At a work meeting recently, I was given a get-to-know-you, icebreaker question: “Who do you most admire?”
Without hesitation, I knew my answer would be my mother. When I was asked to talk a little about my mom and why I chose her, I found that expanding on it was a bit more difficult to put into words.
My mother didn’t have to overcome impossible obstacles, nor does she have an astonishing success story. Despite that, she is still my hero.
Because of my mother, I became one of the first people in my family to attend college. I learned the value of the dollar at an early age. My mother instilled practical life skills within me. She never sugar-coated life, but she always believed in me.
From an early age, I knew my family was different than most.
First off, I was an accident. My mother and father had both been married and divorced before they met each other.
My father, who was more than 20 years older than my mom, had five kids from his first marriage. My mother had one other child, my brother, who is 12 years older than me.
My parents found out my mom was pregnant with me before they got married. In fact, I was the only guest at their wedding. I’m told I was just learning to walk and kept falling on the church’s hardwood floors.
My family never had very much money. As a child, I never knew quite how poor we were.
All I knew was I never upgraded from a Super Nintendo. even though most of my friends were getting Nintendo 64s and PlayStations. I knew most of my clothes came from garage sales and Walmart.
I didn’t know until adulthood that, when I was young, it had gotten so bad we’d lost electricity at one point.
When I was a baby, we even lived with my adult half-sister and her family for a time.
Our money problems stemmed from my father’s inability to keep a steady job. My father was an excellent handyman and a great mechanic.
He had the type of mind that could figure out how to fix pretty much anything.
For most of my childhood, he worked for himself by purchasing wrecked cars and fixing them up to sell at a profit.
Unfortunately, my father would have rather watched television or talked to his friends than make us money.
He never wanted my mother to work, and even if she did, we probably wouldn’t have benefitted from it if they’d had to pay for childcare or a babysitter all the time.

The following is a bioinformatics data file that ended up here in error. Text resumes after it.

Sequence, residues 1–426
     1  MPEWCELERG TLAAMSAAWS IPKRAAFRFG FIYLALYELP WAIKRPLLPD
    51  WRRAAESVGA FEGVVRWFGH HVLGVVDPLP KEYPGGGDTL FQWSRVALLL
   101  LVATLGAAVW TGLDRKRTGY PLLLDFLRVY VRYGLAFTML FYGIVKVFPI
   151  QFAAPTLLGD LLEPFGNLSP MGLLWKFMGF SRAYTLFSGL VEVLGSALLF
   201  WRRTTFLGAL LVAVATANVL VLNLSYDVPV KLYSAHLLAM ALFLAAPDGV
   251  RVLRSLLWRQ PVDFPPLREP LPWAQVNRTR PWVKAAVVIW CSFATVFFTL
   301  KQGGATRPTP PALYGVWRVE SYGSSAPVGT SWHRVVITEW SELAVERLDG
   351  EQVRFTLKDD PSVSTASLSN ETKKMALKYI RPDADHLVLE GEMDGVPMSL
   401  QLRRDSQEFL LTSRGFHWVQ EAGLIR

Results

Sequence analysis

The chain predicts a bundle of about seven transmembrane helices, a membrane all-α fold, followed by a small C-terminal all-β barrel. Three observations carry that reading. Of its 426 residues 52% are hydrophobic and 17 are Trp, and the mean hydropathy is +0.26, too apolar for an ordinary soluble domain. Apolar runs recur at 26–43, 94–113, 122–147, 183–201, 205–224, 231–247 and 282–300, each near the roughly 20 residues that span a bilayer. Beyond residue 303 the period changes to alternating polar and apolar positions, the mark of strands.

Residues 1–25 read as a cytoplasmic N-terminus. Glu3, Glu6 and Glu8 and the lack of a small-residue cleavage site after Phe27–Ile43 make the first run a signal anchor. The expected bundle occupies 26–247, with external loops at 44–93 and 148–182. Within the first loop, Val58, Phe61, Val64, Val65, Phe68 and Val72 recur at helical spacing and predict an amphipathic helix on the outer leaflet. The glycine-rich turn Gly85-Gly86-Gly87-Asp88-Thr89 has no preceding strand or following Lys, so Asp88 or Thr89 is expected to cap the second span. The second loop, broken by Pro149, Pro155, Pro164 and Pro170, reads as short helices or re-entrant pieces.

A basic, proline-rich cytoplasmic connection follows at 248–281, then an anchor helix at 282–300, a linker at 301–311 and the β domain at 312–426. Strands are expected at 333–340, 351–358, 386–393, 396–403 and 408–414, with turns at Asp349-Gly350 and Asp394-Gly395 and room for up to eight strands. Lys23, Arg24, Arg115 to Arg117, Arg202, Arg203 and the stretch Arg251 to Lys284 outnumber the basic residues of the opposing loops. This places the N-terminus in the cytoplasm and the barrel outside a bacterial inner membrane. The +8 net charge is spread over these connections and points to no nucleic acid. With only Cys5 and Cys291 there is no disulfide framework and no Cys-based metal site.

I won’t get into details with my father’s other issues, but dishonesty, gossip and borderline verbal abuse were among them.
My parents started arguing more, and my father even had my mother get on anti-depressants because he was convinced she was the problem.
He became increasingly difficult to live with, and my mother slowly planned our escape.
When I was 12, we packed up and moved to Ohio to live with my grandparents.
My mother, seeing our lives had come to a standstill and my father would never change, had the guts to get out of a bad situation and find us a better one.
Things weren’t immediately smooth sailing. We lived with my grandparents for what was probably the longest few months of my life.
I lost my old friends and I started a new school in the middle of my sixth grade year. There were a lot of tears and a lot of long nights.
I probably wasn’t always understanding and thankful to my mother through all of it, but that transitional time was ultimately just the rocky beginning of a new, better life.
We eventually started a new life in Virginia. My mother remarried a great, hard-working man who treats us well and provides for us in ways my biological father never could.
My household no longer feels hostile and unhappy.
They have since retired to a cabin in the Smoky Mountains in Tennessee, just like they’ve wanted for years.
I owe all of my accomplishments to my mother. She never set unrealistic expectations, but she pushed me to do my best.
She taught me how to work for what I want, rather than expect it for free.
I learned that considering the long-term outcome over the short-term is important in decision-making.
Most importantly, and through her own life choices, she taught me the importance of standing up and doing what is best for me.
I am a happy, mostly well-adjusted adult, and I’m thankful to my mother every day for making that happen.
She may not be an obvious hero, but she is mine.